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Review: Nightcrawler

Updated on November 3, 2014

Jake Gyllenhaal has been in a lot of movies over the course of his career and as of late he has done a good job of ridding himself of the horror that was Prince of Persia. Since then, he has turned in some of his best performances ranging from Brothers to Prisoners and now most recently, Nightcrawler. He has excelled in these roles that are much more intense and darker then most roles he has taken in his career but there has been more depth to them too. Nightcrawler, however, is different as it is a bit of a neo-noir film that shines a lot on how disturbing the media can be. The lengths that people go to in order to present news to us and how we as people cannot turn away from violence on television. It presents plenty of morality questions for the characters involved while also making it's viewers think a bit.

The plot of the film follows Louis Bloom (Jake Gyllenhaal) who is a young man in the greater Los Angeles area driven to make a name for himself by any means necessary. One night, he stumbles across a horrible accident on the freeway and finds himself in the world of video journalism. Lou goes out and buys himself a camcorder and a police scanner to go out at night and film some horrible accidents. Eventually, he arrives at the scene of a stabbing and gets up close to the victim, showing the blood on film. A local news station director, Nina (Rene Russo), buys his work and encourages him to continue as she believes he has a good eye for this kind of work. Now, with his foot in the door he decides to hire himself an assistant in a young man named Rick (Riz Ahmed), who is equally desperate to make a few bucks. However knowing this, Lou takes advantage of him and the two begin to push the envelope further and further with complete disregard for any kind of morality.

4 stars out of 5
4 stars out of 5

Closing Comments

In ways, this film reminds me of Drive a few years back. It is a very quiet film with very little action but the tension throughout the film is evident throughout as you can sense that things are just going to constantly get worse as Lou will continue to push further and further in order to get a good story. Lou never has any issues with creating a situation that will lead to a good story and money for himself. It is unsettling seeing him consistently push the envelope but just like on the twelve o'clock news we can't turn away from it, no matter how violent it may get. On that note, that is what makes the film thought provoking as it pokes at the notion that us as people and viewers cannot take our eyes off of a bloody pileup on the freeway or a murder in a nice area. No matter how awful the news may be, we just eat it up.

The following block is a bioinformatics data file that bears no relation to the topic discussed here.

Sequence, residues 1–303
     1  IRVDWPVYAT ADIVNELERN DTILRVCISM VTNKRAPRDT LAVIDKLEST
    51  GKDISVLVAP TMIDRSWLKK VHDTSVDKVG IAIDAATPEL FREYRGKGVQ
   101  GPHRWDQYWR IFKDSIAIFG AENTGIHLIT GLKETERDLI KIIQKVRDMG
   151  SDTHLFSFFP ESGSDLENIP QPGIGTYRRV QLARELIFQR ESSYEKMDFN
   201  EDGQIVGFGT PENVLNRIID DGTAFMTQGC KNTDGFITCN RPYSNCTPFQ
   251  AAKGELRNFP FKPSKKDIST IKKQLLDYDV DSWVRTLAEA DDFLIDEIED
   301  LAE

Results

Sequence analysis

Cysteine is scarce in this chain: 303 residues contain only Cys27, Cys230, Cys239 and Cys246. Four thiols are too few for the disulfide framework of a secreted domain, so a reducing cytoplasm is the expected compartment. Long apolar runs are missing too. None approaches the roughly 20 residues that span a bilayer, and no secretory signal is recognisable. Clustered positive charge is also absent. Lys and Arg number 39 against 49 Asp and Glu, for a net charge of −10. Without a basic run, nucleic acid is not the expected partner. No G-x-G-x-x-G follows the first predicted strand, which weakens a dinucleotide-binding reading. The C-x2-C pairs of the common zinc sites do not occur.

Jake Gyllenhaal gives a terrific performance in the role of the sociopath, Louis Bloom, as it is his most powerful role to date and frequently you forget that it is him. He is so intense and so committed to the role in the sense that he lost weight to come off a bit like he was sick but he also had certain mannerisms that were completely uncharacteristic of himself as an actor. It is always nice to see an actor challenge himself and go against his natural mold. Gyllenhaal did the exact same thing in his role as Detective Loki in Prisoners last year. Riz Ahmed as the desperate Rick is also impressive, but simply as a foil to the intense Lou. Rick is frequently shown as being a little uneasy about what he and Lou are doing while questioning the morality of their work. Aside from them, praise should really go to Dan Gilroy the director and writer of the film. He does a fantastic job of framing the action and the film moves at a very good pace. Sometimes these kind of films have a tendency to go on for too long in an attempt to build more tension, but this film just feels right at it's running time that allows all of it's plot points just enough time to breath. Nightcrawler may not be your average Halloween movie, but it is equally creepy and disturbing while giving us as viewers a terrific neo-noir crime thriller that will leave you thinking about.

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